10 Ways to Finish the Rewrite After the Midpoint Wall

Rewrites are not fun. At least, they’re not supposed to be. Except mine was going really well … until I hit the midpoint, missed my self-imposed deadline, and seem to have run out of steam, too. Maybe I’ve hit my own personal crisis, maybe I’ve burned myself out pushing really hard for weeks to get as far as I have. Whatever the case, I figure I (and I’m sure others out there) need 10 ways to get around the wall.

  1. It’s a wall. Go over it, or go around it. Define and figure out the dimensions of the wall (in this case, what the problem is and what’s slowed momentum – personally or in the WIP), and then either go around it or go over it like any other wall. Maybe this requires working backwards from the end, maybe it requires relaying the foundations of earlier scenes.
  2. Look for a door. The thing with walls is that they often have a convenient door. So, if I feel my way along it, maybe I can find the door – and make my life easier. Maybe that’s giving myself a mental break so I can “see” said wall, or working on something else for awhile.
  3. Brainstorm possible solutions with someone else. For someone else, there will be no wall. Perhaps brainstorm with someone else – even an imaginary someone else – who doesn’t see the wall, and therefore sees and feels no impediment to completion of the rewrites.
  4. Take a mental break. Refill and refuel your spirit and your creative energy. Maybe this means stepping away from the writing for a little while – or at least doing something that makes you feel better and provides healthier perspective instead of just staring at the screen and banging your head repeatedly into the desk.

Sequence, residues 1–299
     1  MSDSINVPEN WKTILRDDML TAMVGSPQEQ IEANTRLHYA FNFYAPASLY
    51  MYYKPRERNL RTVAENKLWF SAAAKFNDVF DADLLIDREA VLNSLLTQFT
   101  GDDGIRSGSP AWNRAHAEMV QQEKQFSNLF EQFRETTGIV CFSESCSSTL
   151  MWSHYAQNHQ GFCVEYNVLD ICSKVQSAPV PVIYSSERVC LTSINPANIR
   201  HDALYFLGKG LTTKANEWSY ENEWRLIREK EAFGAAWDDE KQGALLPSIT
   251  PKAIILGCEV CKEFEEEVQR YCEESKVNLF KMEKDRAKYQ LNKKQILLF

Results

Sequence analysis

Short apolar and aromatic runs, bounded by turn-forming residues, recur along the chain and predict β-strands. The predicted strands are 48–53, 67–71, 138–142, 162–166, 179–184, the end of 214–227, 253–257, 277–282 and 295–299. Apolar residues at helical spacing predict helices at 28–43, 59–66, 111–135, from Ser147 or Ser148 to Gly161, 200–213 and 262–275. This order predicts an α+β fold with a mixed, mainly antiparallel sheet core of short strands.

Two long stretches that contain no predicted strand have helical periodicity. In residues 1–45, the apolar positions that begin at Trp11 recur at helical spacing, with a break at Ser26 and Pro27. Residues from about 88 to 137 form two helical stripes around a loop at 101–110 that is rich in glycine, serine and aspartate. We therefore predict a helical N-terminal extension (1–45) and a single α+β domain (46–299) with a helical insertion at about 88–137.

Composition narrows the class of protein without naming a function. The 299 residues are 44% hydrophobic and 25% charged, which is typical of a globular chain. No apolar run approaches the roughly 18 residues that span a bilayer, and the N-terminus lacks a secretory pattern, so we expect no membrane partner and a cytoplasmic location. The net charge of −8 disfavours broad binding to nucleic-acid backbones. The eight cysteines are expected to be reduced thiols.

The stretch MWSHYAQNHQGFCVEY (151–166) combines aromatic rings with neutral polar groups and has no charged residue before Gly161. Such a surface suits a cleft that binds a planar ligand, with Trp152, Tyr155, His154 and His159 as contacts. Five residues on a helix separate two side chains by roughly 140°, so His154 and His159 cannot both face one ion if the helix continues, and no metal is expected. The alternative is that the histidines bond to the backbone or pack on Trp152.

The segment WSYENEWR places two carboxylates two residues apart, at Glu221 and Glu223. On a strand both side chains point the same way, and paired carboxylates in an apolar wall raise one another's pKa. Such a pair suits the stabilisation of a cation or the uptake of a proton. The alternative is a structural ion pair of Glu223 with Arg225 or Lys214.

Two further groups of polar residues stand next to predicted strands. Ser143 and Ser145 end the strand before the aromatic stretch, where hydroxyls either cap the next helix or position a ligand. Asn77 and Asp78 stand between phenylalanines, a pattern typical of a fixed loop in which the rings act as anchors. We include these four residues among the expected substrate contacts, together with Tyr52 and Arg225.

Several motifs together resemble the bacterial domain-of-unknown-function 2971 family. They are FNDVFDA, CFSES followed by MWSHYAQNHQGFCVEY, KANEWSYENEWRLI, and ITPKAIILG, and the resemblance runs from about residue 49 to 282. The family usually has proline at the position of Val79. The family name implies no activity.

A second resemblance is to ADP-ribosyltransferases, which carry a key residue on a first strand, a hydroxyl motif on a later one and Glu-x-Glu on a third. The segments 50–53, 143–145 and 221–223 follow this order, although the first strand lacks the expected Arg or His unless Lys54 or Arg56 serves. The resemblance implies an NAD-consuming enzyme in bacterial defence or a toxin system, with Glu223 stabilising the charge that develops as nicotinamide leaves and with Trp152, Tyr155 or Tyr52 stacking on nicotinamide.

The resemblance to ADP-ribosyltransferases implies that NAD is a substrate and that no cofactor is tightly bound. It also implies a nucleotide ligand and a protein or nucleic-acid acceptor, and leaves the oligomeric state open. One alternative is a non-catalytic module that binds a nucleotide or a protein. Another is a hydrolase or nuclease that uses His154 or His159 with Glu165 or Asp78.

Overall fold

5. Consult the map. With an earlier revision map and guideline, along with your own instinct, what was it that went wrong before? What needs to be fixed? What’s missing? Can you answer any or all of the questions? See point 3 to possibly solve this.
  6. Do something fun, and remember why you love writing and you love the current WIP (ie: why is it worth fixing). If you’ve been working hard, maybe you haven’t been having enough fun, and maybe remembering what’s great about the story will help you figure out where you need to go.
  7. Distract your brain with something worthless and let it mull over the problem without you stressing out over it.
  8. Review old notes made when you first conceived of the story. Is there something that hasn’t come across that might help you? Is there something the story / characterization / plot is still lacking that you originally envisioned? Could this be the solution you’re looking for?
  9. Eat chocolate, take walks, try to relax.
  10. Be patient with yourself. You’re not a robot. It will get done … even if it doesn’t get done today, or possibly even tomorrow.

Yeah, so it’s not a fantastic plan, bu it’s what I’ll try for now. Hopefully I’ll have better soon – and a direction forward in revisions – soon.

Take care, thanks for reading, and happy writing, everyone!

Advertisements

Leave a Reply

Fill in your details below or click an icon to log in:

WordPress.com Logo

You are commenting using your WordPress.com account. Log Out / Change )

Twitter picture

You are commenting using your Twitter account. Log Out / Change )

Facebook photo

You are commenting using your Facebook account. Log Out / Change )

Google+ photo

You are commenting using your Google+ account. Log Out / Change )

Connecting to %s